She applied the Page 69 Test to her new novel, City of Veils, and reported the following:
City of Veils is a follow-up to Finding Nouf. Both are mysteries set in Saudi Arabia, and both follow Nayir, a devout Muslim who is looking for a wife, but having trouble finding one in a society where he is not allowed to interact with strange women. Through his investigations, he meets Katya, an independent and liberal-minded woman who puts him into an agitated state of desire, admiration and disdain.Read an excerpt from City of Veils, and learn more about the book and author at Zoë Ferraris' website and blog.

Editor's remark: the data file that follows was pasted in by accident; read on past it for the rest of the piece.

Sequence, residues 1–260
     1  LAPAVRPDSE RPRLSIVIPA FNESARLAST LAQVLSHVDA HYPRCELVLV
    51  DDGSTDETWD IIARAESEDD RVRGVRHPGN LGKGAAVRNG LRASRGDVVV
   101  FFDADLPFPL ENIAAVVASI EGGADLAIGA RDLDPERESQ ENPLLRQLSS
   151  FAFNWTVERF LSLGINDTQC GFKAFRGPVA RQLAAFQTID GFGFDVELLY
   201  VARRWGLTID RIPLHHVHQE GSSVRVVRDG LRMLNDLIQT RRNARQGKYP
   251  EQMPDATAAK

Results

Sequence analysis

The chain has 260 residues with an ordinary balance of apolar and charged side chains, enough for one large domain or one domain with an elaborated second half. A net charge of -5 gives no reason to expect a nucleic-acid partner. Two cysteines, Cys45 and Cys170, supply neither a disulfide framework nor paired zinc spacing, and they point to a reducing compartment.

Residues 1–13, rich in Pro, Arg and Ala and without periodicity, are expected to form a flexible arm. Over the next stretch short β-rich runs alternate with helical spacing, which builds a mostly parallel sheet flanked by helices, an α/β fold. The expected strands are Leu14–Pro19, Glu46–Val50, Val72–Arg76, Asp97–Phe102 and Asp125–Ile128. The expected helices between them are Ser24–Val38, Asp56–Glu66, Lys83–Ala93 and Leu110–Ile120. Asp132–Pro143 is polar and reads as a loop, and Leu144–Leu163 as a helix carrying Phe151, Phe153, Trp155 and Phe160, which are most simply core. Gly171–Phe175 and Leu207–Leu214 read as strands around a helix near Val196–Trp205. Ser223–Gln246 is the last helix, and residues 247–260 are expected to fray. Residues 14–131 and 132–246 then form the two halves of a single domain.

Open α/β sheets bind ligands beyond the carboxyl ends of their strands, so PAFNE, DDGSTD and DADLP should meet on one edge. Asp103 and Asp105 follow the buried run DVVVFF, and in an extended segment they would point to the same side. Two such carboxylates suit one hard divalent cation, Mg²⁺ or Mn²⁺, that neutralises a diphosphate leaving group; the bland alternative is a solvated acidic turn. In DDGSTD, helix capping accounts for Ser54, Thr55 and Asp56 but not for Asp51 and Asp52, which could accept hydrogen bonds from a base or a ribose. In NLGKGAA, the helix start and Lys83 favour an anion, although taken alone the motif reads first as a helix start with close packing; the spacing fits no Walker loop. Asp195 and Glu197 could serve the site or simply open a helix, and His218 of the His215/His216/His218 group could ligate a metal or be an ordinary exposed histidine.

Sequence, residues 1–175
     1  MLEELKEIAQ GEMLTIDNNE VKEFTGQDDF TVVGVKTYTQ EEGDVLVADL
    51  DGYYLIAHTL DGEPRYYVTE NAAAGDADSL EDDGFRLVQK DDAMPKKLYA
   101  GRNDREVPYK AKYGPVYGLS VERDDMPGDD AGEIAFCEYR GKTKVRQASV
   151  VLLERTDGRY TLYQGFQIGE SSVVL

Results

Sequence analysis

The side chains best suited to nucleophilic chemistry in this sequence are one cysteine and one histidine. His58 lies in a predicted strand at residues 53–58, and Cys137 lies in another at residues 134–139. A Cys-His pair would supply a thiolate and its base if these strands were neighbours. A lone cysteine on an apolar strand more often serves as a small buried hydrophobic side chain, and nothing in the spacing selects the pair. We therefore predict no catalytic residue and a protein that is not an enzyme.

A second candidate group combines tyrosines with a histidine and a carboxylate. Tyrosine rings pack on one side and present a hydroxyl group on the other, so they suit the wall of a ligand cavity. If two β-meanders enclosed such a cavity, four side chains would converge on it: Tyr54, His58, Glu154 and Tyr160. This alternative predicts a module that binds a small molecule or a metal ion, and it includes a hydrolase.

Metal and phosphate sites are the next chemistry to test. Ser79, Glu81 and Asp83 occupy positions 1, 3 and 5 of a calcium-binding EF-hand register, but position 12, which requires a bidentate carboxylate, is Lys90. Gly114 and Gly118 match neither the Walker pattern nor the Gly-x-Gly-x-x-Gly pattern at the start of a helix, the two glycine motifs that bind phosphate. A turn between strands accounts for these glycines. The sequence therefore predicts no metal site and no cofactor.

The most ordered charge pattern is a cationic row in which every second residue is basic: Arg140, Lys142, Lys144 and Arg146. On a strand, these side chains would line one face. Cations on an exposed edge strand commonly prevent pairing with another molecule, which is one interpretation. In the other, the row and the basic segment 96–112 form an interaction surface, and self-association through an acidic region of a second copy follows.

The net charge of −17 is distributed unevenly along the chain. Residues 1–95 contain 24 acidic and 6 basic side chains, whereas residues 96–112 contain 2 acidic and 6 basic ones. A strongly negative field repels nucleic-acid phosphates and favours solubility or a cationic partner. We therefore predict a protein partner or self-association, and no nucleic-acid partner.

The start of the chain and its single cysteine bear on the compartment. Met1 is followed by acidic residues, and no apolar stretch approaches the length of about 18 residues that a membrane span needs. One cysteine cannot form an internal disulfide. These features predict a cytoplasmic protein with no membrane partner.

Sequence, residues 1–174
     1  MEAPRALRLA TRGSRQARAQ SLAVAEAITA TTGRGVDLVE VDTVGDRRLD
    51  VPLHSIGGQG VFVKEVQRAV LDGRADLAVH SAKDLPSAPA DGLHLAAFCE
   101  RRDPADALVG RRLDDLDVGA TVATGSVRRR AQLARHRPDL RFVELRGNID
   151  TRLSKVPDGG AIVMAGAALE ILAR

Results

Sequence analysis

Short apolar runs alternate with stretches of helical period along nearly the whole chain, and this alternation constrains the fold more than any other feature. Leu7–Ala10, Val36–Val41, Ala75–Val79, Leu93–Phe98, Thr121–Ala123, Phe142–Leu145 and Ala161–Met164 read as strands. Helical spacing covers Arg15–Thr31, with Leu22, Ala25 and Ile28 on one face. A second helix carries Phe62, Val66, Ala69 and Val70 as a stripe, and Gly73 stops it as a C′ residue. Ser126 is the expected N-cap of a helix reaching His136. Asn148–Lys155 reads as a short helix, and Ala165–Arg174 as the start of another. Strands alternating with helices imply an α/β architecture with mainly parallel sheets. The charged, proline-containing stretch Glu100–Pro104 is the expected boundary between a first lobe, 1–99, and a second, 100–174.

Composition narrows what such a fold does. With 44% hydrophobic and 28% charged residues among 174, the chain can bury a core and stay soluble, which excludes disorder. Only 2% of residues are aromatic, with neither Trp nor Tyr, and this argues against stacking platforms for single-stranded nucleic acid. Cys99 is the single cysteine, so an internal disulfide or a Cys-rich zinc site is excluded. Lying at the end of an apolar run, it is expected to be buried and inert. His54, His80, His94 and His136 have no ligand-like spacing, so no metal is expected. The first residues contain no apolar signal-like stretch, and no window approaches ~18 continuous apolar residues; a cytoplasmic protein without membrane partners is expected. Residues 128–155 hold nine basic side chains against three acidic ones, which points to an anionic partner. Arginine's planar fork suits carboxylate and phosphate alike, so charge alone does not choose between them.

Page 69 contains a gem: Katya, a forensic tech at the Jeddah medical examiner’s office, is waiting to talk to someone at work. She isn’t wearing a veil. When a man walks by, pointedly avoiding looking at her face, she feels strangely empowered by it.
Her previous boss had taught her not to wear her burqa unless she absolutely had to, so Katya kept it resting on the top of her head, ready to drape down when the next pious bureaucrat chastised her with sharp works or a withering look.This is the big argument in Saudi Arabia for why women should be covered: they are beautiful, tempting, and distracting. Covering them up solves the problem. But as most women will tell you, not being thought of as a sex object would be a far better solution.
“Do you think you are so ugly,” the last one had said, “that no man will find your face appealing? Is that why you expose it?”
No, she wanted to retort, I just mistakenly thought that when it came to sexuality, you had some self-control.
The Page 69 Test: Finding Nouf.
Visit the complete list of books in the Page 69 Test Series.